Tour Ambassador and Stewardship Training Project Completed in Strawberry Mansion
Philadelphia’s status as a historic city is hardly rivaled throughout the country, and sites and stories from its past can be found throughout its borders. But most tourist draws and promotions are clustered into a few square blocks in Center City’s quasi-official historic district.
Far from that downtown concentration, one woman in Strawberry Mansion is working to encourage the development of historic tours in her neighborhood that will be led by the youth who live there.
Judith Robinson, director of the Strawberry Mansion Civic Association, began her Tour Ambassador/Stewardship Training Project in September 2016. Meeting in the Recreation Center of Mander Playground at 33rd and Diamond Streets, the weekly sessions are open to youth from ages 12 to 20 and feature speakers offering details about Strawberry Mansion’s history with the goal of preparing the young attendees to act as tour guides for their self-designed routes.
A former tour guide at Fairmount Park’s Woodford Mansion, Robinson said her vision of locally developed and led tours is a demonstration of self-determination in a time when jobs are scarce and the future uncertain. Strawberry Mansion, she said, is historical enough for youths to create summer jobs and show off North Philadelphia’s past. According to Robinson, in such a historic city as Philadelphia, “tourism is a million dollar business. There’s no reason why we shouldn’t have some of those dollars.”
In addition to exposing participants to historical facts, Robinson also teaches them about the business of event planning and how to create a tour. As far as possible programming, she suggested a tour of murals, the many historical markers, architectural styles or churches in the neighborhood.
“If nothing else, I want to orient them to what is happening in their own community right under their noses,” Robinson explained. “There was no place for youth to learn about this, so I took on the task.”
One such historical gem was revealed on September 26th by author and transit historian Joel Spivak, who told the group about the Fairmount Park trolley, a free service which ran a circuitous nine-mile route from Belmont and Parkside Avenues through the west park and across the Schuylkill River to 33rd and Dauphin Streets in Strawberry Mansion..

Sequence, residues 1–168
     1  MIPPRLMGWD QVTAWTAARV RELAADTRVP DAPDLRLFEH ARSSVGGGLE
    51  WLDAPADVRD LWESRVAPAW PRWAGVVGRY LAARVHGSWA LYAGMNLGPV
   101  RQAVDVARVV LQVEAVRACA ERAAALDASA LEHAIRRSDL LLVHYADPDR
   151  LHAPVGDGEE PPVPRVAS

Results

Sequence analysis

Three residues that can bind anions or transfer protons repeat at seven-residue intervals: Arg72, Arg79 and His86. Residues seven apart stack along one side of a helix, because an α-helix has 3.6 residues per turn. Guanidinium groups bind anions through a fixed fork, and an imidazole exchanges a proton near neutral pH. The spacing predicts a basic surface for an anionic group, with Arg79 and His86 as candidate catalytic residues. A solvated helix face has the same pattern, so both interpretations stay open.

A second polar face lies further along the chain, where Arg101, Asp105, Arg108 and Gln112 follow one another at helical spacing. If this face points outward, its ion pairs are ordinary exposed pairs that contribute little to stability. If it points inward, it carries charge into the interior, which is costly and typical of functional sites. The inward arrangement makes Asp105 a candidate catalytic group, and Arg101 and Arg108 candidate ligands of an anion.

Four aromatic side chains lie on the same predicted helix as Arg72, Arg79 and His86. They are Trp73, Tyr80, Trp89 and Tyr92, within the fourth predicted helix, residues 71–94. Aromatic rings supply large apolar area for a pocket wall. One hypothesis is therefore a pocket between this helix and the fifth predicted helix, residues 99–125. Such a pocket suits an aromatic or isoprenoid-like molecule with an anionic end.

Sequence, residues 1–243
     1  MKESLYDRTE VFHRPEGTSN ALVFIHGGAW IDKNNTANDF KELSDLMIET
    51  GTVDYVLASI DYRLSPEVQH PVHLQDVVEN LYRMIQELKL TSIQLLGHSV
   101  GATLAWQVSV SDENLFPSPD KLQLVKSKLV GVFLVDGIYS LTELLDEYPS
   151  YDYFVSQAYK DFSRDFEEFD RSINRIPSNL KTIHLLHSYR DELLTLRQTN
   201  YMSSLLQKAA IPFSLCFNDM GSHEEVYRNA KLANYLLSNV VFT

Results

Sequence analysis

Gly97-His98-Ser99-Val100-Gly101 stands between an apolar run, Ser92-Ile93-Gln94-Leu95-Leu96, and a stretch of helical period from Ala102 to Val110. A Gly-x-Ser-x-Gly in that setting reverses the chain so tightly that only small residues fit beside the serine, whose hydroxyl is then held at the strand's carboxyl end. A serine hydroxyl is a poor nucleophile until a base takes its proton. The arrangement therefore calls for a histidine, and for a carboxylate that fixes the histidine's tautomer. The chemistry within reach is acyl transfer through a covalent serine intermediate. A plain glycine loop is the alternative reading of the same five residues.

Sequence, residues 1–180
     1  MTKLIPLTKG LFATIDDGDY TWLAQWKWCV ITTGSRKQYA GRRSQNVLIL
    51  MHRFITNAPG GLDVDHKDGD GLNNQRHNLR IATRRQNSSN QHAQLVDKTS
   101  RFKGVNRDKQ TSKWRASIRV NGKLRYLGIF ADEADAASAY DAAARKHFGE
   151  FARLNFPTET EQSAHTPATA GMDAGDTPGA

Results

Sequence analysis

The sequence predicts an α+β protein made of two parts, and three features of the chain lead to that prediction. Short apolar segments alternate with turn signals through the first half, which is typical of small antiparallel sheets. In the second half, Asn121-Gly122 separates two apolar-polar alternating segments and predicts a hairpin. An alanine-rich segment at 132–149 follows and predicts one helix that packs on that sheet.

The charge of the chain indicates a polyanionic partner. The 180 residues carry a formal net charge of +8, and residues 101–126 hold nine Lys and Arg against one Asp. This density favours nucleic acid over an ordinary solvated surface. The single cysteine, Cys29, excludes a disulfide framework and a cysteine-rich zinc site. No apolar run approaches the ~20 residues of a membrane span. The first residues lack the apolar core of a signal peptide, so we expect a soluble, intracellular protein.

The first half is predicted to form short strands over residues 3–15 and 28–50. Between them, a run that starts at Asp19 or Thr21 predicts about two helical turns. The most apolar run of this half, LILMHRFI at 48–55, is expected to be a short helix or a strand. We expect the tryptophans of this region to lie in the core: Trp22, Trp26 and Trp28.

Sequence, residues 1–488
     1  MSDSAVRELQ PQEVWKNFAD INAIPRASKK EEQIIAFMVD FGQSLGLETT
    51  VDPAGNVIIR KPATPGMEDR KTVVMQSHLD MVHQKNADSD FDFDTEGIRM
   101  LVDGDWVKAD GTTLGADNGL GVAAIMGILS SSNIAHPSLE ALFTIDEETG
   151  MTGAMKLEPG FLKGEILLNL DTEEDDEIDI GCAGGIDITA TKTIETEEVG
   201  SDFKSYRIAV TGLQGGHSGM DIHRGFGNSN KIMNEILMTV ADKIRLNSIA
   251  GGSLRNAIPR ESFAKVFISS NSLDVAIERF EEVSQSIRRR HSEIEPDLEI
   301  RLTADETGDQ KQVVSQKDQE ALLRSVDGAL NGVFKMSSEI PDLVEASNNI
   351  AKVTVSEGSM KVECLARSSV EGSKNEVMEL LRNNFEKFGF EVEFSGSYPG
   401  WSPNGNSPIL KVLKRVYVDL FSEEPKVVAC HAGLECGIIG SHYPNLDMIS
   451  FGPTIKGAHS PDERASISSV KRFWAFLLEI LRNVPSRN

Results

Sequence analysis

Spivak explained that the trolley began as a shuttle bringing people from the former Market Street train station at 32nd and Market Streets to Memorial Hall in Fairmount Park ,where the U.S. Centennial Celebration was being held in 1886. The Fairmount Park Trolley adapted and expanded that line as a recreational ride. In a time before air conditioning, the free service allowed people to cool off in the breeze created by the forward motion of the trolley.
A month later, historical researcher Kevin Colquitt told the group about importance of research. He urged them to focus on their own personal interests and to express their passions when digging up their historical facts and to never let their passion for their historical quests fade.
Colquitt, who grew up in North Philadelphia, has researched and written several small booklets about two bygone North Philadelphia landmarks: the North Philadelphia Community Pool and the Pearl Theater.
According to Colquitt, the pool was located at Broad Street and Columbia (Cecil B. Moore) Avenue. Though it served as an African American pool and was known as one in a chain of such facilities from Chicago to New York, the pool served all races. It burned down in 1975.
The Pearl Theater, located at Ridge Avenue and Jefferson Street, opened as Philadelphia’s first African American entertainment facility in 1927, Colquitt said. Many big-name African American entertainers performed there, including Bill (Mr. Bojangles) Robinson, Cab Calloway and Count Basie.
At that time, he explained, black performers had few options for places that would accept them for jobs so the Pearl became a hot spot for them. Switching to presenting only movies in the 1940’s, the Pearl closed in 1969.
“North Philadelphia is a treasure chest, “ Colquitt said. “Our children should see the glory that was there.”
Robinson also held workshops on lip balm-making and soap-making as another possible path for youth and young adults to travel toward toward self-sufficiency. About ten adults and children attended each demonstration. Monica Wright, who has created her own line of soaps, which she makes and sells in her home in South Philadelphia, led each workshop. She explained the process of each enterprise and led the participants in making their own product.
Andrea Mitchell, 40, attended the soap-making workshop and said she might like to make and sell soaps out of her home if she didn’t have kids. The use of lye as an essential ingredient in the process is dangerous. “If I could do it [elsewhere] I would do it. It looked really interesting.” Already very business-minded, she talked about how the use of expensive essential ingredients would mean high selling prices. But if she had pre-orders or knew she had a customer base that might be interested in her creations, “then I’d do it.”
Robinson said that with her program, she’s trying to foster that kind of interest in starting one’s own business and determining one’s own future among Strawberry Mansion residents. “I’m trying to whet people’s appetite [and] orient our community to the possibility of what can happen”
As the days are drawing shorter, Robinson’s initial program is also drawing to a close, but she already has an eye to the future. “I will turn it around and do it in the spring,” she explained. •